“What are we running?” they asked Doc Rivers on the bench.
“I have no idea,” the coach replied.
Whatever it was, it was working. That was enough for Rivers. For the third straight game, the Celtics’ healthy guards stepped up in Rajon Rondo‘s absence and helped deliver a victory to the cheering mass on Causeway Street.
“We kind of let them play,” Rivers said after the Celtics’ 97-84 win over the Orlando Magic. “Just go out and space the floor and play, and play through it. I think Jason loves to play that way. L.B. clearly likes to play that way, and they just read each other extremely well.”
Terry and Barbosa’s syncopation might never have been discovered if Rondo had not torn his ACL. Courtney Lee and Avery Bradley might never have gotten enough floor time together to turn into the relentless defensive duo they have shown themselves to be in the last week. The Celtics are careful to say they are not better without Rondo, but so far their foursome of impact guards is playing to prove the drop-off is not as great as everyone assumed it would be.
For the second straight game, six players scored in double figures for the Celtics. Jeff Green was the high man this time with just 17 points for the suddenly fearsome bench, which also produced 12 points each by Terry and Barbosa. Lee tied for the scoring high among Boston’s starters with 14 points as the Celtics’ first- and second-unit backcourts combined for 44 points.
“The ball’s moving and everybody’s getting involved,” Lee said. “We’ve got to play that way without Rondo, because Rondo was the playmaker. That’s one thing he’s good at, making plays for himself and others, but with him down, we’ve got to make up for that. We all have to make plays and also make plays for each other.”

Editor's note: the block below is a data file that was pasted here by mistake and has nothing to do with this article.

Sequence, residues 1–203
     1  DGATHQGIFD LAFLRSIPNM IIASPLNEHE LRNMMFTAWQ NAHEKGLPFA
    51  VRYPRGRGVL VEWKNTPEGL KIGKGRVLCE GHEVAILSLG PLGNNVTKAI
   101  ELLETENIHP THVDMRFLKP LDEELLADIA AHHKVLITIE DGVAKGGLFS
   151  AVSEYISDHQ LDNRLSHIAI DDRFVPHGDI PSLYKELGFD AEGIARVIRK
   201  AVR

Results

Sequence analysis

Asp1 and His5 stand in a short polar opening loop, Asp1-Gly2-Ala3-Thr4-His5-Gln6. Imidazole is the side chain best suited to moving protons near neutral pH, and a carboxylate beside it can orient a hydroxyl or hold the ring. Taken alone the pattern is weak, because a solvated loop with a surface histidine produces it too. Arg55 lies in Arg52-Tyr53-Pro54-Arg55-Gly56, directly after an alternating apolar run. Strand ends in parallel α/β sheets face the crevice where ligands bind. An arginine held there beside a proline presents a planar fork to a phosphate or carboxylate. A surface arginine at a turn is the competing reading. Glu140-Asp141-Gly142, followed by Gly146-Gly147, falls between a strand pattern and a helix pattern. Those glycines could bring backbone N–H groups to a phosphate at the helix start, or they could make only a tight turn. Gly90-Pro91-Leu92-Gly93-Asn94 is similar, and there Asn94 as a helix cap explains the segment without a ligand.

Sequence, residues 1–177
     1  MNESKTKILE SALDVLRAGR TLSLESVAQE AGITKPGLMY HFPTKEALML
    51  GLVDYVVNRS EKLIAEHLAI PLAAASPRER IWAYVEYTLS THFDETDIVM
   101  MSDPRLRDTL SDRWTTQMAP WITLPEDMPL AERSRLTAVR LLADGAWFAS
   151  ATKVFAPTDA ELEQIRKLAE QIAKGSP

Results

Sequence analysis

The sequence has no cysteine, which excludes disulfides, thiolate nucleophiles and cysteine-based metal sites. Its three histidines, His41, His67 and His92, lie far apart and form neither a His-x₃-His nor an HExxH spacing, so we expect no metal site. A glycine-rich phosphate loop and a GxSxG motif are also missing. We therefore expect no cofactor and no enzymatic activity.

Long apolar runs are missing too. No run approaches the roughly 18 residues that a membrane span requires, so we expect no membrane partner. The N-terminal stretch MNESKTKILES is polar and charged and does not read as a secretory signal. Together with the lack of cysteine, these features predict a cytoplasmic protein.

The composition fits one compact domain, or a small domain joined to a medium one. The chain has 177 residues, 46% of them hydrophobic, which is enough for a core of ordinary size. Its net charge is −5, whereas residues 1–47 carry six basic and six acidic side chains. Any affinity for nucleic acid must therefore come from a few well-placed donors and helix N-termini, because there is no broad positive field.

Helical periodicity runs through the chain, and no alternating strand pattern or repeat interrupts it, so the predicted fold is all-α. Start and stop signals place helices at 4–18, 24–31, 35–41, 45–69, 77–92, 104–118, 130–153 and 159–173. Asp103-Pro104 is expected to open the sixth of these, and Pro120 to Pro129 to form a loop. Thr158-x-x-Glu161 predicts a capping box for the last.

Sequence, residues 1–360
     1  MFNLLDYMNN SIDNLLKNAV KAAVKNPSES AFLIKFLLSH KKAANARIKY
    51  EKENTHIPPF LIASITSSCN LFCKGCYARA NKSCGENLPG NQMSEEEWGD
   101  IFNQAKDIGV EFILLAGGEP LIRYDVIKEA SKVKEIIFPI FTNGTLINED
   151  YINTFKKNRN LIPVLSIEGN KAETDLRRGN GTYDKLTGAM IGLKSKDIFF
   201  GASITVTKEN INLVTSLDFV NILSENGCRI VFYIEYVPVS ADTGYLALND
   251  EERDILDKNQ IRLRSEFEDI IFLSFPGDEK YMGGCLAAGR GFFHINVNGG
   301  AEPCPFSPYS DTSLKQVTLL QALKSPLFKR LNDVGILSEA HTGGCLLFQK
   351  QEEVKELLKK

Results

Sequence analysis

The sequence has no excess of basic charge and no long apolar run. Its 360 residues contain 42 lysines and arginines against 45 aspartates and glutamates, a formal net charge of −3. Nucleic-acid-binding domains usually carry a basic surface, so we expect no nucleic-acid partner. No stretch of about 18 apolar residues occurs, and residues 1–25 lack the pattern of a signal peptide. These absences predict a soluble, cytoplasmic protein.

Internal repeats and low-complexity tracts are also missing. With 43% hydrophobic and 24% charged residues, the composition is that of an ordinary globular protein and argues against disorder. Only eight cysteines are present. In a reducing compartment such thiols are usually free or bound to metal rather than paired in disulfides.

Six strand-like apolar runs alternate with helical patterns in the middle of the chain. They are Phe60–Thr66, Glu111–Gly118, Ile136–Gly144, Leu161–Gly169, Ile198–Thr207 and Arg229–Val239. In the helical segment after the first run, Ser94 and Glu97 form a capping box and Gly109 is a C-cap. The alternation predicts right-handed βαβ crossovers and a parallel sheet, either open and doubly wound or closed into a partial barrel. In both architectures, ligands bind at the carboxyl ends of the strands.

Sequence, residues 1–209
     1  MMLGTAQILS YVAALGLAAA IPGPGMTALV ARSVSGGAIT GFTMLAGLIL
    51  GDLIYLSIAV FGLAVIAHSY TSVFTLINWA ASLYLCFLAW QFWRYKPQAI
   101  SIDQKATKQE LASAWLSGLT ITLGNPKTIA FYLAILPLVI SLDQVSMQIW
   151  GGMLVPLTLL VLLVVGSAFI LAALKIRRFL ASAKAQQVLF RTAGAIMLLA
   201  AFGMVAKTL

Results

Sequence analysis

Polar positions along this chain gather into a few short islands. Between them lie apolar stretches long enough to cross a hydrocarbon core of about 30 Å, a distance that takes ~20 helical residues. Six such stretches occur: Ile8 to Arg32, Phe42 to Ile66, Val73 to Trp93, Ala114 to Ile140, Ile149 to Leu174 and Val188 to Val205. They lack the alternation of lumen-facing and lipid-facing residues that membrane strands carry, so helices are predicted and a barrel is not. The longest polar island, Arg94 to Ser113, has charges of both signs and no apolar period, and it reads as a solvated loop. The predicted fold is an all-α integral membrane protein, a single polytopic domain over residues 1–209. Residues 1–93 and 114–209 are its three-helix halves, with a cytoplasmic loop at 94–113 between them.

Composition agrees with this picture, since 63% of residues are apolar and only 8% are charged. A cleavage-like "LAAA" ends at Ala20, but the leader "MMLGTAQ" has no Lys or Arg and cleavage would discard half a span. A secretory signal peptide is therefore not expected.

Now that Jared Sullinger has joined Rondo on the shelf for the rest of the season, the challenge facing Boston’s backcourt is more complicated. No longer is this just a matter of the guards or a few frontcourt wing players like Green and Paul Pierce sharing Rondo’s ballhandling responsibilities. The guards now need to help out up front as well, giving extra support on the glass and defending bigger players in smaller Celtics lineups.
Lee, the most adaptable of the group, had his versatility stretched to its limits against the Magic. In addition to his 14 points, he finished with five rebounds and five assists, all in between chasing J.J. Redick around screens at the defensive end.
“I’m asking a lot of him,” Rivers said. “He started the game bringing the ball up at point, then he’s guarding J.J. Redick, and then at one point he was at the three [small forward]. Honestly, everyone on our team’s going to have to do that every night.”
Since the Celtics re-emerged as a championship contender under Rivers six years ago, one of the few criticisms directed their way is that they were too deliberate. They were too predictable. They were too conventional. Out of necessity, now they are anything but those things.
What are they now? They have no idea. But so far it is working.